Council Votes to Ban Balloon Releases in the City Limits

By Joseph Domelowicz Jr.

Citing the need to “raise public awareness” Monday night, the Everett City Council voted unanimously to adopt a new ordinance that makes it illegal to release balloons into the skies above Everett because of the harmful and negative impacts that balloon releases can have on the environment in general, and wildlife in particular.

The new by-law was introduced by Councilors Michael McLaughlin and Fred Capone, both of who voted to support the ordinance and who jointly modeled the language of the ordinance on similar bans in other Massachusetts communities.

The issue was first brought the attention of the Council several months ago by local resident, animal activist and Independent contributing photojournalist Katy Rogers, who raised the issue with councilors last year.

She was back before the Council on Monday night, addressing the full body during the Public Participation portion of the meeting, during which she noted that despite their beauty, balloon releases can have a lasting negative impact on the environment, particularly on the animals and marine life that mistakes pieces of balloons for food.

Since balloons are made from materials that cannot be digested by animals, the balloon remnants ultimately form blockages in animal digestive tracts, causing the animals to die slowly from starvation.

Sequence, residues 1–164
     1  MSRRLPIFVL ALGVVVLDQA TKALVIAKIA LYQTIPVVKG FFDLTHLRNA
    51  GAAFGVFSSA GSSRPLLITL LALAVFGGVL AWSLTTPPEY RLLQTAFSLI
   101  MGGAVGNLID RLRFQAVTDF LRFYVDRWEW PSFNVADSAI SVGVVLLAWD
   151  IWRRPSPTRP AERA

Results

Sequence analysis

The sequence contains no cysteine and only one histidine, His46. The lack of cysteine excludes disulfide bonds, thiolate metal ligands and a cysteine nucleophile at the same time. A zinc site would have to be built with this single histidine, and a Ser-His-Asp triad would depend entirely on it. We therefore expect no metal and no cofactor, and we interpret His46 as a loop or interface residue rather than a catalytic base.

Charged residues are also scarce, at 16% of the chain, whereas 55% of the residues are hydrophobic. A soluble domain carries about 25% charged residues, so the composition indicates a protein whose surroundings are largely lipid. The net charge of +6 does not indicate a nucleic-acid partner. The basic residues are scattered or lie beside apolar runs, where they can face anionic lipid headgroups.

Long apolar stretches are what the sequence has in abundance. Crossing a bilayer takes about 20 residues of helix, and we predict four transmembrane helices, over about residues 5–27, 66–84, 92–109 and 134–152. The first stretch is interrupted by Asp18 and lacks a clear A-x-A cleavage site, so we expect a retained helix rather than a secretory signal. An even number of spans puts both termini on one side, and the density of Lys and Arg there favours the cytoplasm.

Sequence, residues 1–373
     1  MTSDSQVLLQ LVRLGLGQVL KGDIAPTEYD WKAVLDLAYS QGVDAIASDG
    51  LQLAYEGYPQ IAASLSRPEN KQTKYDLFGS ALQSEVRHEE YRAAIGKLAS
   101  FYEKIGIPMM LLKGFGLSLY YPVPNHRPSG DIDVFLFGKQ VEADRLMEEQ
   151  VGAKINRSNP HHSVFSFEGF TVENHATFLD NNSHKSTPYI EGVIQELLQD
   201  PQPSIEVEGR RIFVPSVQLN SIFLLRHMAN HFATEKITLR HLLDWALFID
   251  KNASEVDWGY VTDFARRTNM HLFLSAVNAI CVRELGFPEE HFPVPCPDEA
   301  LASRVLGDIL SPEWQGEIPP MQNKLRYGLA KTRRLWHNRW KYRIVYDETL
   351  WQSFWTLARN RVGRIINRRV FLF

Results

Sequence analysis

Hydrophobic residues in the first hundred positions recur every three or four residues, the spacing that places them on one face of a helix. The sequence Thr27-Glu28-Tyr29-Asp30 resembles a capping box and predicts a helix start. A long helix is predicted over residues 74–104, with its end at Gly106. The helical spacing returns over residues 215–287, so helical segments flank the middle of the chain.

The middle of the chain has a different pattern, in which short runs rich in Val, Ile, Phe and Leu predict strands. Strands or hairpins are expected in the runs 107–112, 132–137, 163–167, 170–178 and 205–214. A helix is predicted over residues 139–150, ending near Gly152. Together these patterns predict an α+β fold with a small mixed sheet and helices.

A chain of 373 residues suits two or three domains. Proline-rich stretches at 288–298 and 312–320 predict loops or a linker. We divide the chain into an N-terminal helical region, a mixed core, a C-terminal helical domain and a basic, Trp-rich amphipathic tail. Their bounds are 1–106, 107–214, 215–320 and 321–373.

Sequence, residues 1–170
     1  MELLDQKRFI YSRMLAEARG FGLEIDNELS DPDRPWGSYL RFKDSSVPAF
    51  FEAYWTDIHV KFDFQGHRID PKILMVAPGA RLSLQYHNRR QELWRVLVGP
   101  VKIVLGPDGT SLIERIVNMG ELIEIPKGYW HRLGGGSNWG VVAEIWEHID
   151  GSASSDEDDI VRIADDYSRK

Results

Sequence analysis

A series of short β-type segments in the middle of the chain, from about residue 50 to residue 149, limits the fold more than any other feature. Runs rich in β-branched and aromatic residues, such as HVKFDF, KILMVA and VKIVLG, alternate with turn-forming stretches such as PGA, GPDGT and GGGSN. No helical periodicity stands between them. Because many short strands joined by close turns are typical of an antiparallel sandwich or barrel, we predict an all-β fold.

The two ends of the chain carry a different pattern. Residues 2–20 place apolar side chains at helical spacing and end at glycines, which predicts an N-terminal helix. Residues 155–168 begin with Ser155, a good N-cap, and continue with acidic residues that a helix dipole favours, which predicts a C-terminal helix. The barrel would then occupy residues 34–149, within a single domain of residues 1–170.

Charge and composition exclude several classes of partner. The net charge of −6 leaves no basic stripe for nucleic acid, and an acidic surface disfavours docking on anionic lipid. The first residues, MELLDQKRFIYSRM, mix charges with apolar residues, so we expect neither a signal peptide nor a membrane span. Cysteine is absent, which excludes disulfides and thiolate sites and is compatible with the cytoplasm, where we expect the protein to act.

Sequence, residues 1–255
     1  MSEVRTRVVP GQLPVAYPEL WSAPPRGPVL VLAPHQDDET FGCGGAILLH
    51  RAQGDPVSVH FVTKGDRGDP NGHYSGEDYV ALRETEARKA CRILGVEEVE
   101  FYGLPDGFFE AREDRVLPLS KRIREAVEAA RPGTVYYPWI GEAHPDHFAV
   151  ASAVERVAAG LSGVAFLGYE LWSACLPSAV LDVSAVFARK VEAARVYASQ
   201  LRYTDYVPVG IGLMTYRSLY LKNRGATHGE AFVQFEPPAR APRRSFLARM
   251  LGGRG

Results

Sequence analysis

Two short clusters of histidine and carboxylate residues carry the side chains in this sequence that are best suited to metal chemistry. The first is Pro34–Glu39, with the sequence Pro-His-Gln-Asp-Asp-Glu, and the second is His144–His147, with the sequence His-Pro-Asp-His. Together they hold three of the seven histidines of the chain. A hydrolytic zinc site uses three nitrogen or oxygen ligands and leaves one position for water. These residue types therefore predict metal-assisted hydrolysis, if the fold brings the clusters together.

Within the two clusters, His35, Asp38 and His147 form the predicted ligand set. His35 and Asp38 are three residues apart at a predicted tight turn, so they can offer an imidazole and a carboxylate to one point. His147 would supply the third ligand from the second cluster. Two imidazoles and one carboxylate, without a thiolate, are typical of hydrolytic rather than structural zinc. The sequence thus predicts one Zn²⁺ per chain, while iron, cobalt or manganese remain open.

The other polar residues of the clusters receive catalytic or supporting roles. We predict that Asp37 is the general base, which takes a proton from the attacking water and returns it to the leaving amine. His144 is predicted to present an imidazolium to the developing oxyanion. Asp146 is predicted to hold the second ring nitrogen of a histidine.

“My intent is not to disrespect the many worthwhile organizations and causes that use balloon releases, to celebrate” or memorialize an event or loved one, but “in my experience people who release balloons do not intend to harm the environment, they simply aren’t aware of the impacts,” said Rogers.

Councilor Capone, speaking in favor of the ban, noted that it is easy to dismiss the idea of the ban as “a puff piece” or something less serious than “gang violence or public safety” and also acknowledged that it is unlikely the city actually has the manpower to fully enforce the new by-law.

However, he also noted that the importance of the by-law is not in its enforcement, but in the opportunity to educate individuals and organizations that may be thinking about a balloon release, that the celebratory gesture can cause harm to the environment and animal life.

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